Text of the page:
I grew up in an age of flannel-graph, puppets, and full color Sunday school art. I knew stores of Noah and the flood, David killing Goliath, and Daniels in the lions’ den at a young age. I could recount Samson’s strength, Moses leading the children of Israel, or Paul’s missionary journeys before I was proficient in math.
Later, when our kids were young, every night was a request to read a story. Sometimes it was from the Bible. Other times it was Chester the Horse, or the classic, Peanut Butter Rhino. My kids’ eyes used to light up as we flipped through the pages of the various tales. I imagine that any parent experiences the same with their children.
This week, I was on the road visiting some commercial staff at a credit union. The CEO, who has led his CU to an incredible growth, popped in the office and began to recount several stories on the golf course with prospects who are now members at the credit union. The tales that he spun stayed with me for hours as I traveled down the road to my next stop. I began to wonder why things were this way. Why of all the things about the visit, the stories were the ones which stood out in my mind?
We are created as a narrative creature. One thing that sets us apart from other animals is our part as keepers of stories. If you note, most times you get together with a close friend that you have not seen in a bit, most of the time is taken with updates of life in the form of stories. We cannot explain who we are without telling stories.
The most important truths come alive with stories. One of the older guys I have taught agricultural lending classes with is an incredible story teller. I have found that explaining a facet of commercial lending, sinks in further with the hearer if I can dig up a story from the past. I will have people recall the concept through a story than if I were to just cite various facts and figures.
Good leadership requires good storytelling. Faithful leadership requires proper keeping and narrating stories that will help identify and execute the mission of the people he leads. The strong leader will also know how her story fits into the larger story. Many consultants focus on the importance of organizational mission, values, and vision, but these very important concepts mean very little unless there is a story of why we are doing what we are doing in the first place. You start with the story and the rest follows.
I am a history buff and have a minor in US history in college. The reason I found this so interesting was a professor I had who was an excellent story-teller. I could sit in his class for hours as he spun yarns about various events, people, and trends in history. In fact, one of the biggest factors in selecting my major of economics, was because I had an Econ 101 teacher who was a great story teller and would could make the concepts of economics come alive.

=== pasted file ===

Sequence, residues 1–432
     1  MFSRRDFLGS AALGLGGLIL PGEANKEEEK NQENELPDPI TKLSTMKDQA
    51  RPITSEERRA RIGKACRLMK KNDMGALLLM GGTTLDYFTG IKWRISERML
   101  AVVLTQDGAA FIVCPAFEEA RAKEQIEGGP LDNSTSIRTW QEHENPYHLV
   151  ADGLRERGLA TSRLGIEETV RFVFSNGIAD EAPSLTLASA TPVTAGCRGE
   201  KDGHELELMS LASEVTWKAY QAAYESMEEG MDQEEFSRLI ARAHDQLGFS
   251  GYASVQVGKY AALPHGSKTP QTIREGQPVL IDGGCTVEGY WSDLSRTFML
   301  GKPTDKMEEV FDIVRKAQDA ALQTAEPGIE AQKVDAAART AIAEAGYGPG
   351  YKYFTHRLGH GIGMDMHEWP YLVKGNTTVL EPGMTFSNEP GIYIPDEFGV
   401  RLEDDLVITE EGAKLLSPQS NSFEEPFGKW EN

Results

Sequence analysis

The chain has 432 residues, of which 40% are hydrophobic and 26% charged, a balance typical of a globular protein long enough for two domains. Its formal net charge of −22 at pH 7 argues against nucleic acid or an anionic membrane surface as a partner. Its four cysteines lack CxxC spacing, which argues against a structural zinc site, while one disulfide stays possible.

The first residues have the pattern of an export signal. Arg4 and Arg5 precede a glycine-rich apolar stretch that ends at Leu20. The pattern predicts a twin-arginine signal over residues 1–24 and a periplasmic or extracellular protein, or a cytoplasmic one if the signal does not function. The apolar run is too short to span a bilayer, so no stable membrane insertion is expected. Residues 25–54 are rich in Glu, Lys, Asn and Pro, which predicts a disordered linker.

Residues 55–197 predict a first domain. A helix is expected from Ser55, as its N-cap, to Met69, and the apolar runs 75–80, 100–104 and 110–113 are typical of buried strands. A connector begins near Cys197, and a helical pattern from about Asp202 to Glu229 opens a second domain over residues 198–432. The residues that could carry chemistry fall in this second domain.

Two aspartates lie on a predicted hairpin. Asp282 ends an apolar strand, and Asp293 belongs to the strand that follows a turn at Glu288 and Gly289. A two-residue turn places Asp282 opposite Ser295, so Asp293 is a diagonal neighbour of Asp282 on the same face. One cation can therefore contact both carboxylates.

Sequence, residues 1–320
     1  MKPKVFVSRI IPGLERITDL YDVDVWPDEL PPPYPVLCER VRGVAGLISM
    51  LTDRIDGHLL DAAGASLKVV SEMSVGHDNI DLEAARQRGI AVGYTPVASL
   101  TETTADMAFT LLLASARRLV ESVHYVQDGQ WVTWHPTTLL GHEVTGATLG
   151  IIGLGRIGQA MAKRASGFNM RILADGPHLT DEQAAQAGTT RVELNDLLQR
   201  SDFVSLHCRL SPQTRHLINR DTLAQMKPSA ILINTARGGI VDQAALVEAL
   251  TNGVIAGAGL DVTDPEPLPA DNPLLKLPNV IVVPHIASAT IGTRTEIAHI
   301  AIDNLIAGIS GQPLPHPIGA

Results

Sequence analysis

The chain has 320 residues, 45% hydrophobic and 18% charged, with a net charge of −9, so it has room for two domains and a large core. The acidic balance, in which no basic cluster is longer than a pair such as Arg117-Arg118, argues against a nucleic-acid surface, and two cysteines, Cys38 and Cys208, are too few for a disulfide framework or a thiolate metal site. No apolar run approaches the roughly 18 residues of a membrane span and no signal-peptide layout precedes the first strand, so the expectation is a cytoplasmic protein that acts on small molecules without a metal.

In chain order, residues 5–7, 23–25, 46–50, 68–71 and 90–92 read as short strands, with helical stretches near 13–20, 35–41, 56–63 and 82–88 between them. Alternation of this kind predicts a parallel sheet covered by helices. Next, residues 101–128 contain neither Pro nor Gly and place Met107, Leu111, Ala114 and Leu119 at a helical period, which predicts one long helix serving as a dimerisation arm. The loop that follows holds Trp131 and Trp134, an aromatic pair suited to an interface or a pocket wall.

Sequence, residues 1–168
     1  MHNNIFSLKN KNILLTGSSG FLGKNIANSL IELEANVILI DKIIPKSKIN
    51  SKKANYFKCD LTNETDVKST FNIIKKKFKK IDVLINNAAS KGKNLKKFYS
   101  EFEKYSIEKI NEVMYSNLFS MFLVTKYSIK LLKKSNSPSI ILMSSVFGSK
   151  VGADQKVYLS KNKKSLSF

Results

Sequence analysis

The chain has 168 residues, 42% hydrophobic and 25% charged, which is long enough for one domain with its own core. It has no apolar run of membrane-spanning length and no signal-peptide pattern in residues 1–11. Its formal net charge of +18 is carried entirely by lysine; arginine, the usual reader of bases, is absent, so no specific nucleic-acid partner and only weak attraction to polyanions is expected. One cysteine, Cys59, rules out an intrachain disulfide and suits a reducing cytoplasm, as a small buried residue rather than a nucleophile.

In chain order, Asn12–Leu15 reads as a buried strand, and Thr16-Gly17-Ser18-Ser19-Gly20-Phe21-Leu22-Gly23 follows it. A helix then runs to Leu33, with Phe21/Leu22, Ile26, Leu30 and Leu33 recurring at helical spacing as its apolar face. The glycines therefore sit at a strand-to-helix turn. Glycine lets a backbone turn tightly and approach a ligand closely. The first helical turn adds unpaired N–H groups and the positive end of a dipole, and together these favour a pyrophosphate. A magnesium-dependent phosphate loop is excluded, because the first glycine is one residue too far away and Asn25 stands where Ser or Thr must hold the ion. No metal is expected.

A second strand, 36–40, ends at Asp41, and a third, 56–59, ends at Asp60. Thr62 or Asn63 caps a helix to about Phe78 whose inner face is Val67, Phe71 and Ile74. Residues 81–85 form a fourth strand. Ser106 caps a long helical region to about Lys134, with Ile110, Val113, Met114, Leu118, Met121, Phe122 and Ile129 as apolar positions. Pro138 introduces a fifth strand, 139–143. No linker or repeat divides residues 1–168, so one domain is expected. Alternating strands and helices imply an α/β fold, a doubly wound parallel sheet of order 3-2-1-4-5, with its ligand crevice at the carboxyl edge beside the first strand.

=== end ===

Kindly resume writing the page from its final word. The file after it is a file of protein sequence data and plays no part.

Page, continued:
When I think of strong presidential leadership, the ones who could start with a story and end with action are often the ones who have made the most difference in our nation’s history. Our most effective national leaders were masters in helping citizens identify with stories and lead others to do the same. They then used this to rally the nation to a cause with the story being central. I think of the fireside radio chats of Franklin Roosevelt, or the great Ronald Reagan standing in West Berlin asking for the walls to be torn down.
Leadership that matters grows out of the leader’s own belief that the story is true, that it matters, and that it must grow and continue. The credible leader is based upon the leader’s identification of his or her story within the organization’s story. Leadership that is disconnected from the story will often have no one following or worse yet, led to nowhere.
In World War II, Winston Churchill rallied the British people when they were at their greatest crisis. He told them of their history, how they were part of a centuries’ old civilization, of duty and sacrifice, how liberty was worth fighting for and how the right moral cause the British had in their struggle. At the same time, in Germany, a very different story emerged. Hitler told of great conquest, racial superiority, and elimination of any ideas that did not advance the German interest as he saw it. Churchill’s story was true, Hitler’s was a lie, and the future of history was based upon which story prevailed.
For those of you who lead, consider your story, and the story of your organization. Do you know and understand your story and that of your group? How well are you keeping the story? How well are you telling this and living the story? Success and positive leadership growth in your position and in life itself is based upon how well you are immersed and articulate the story.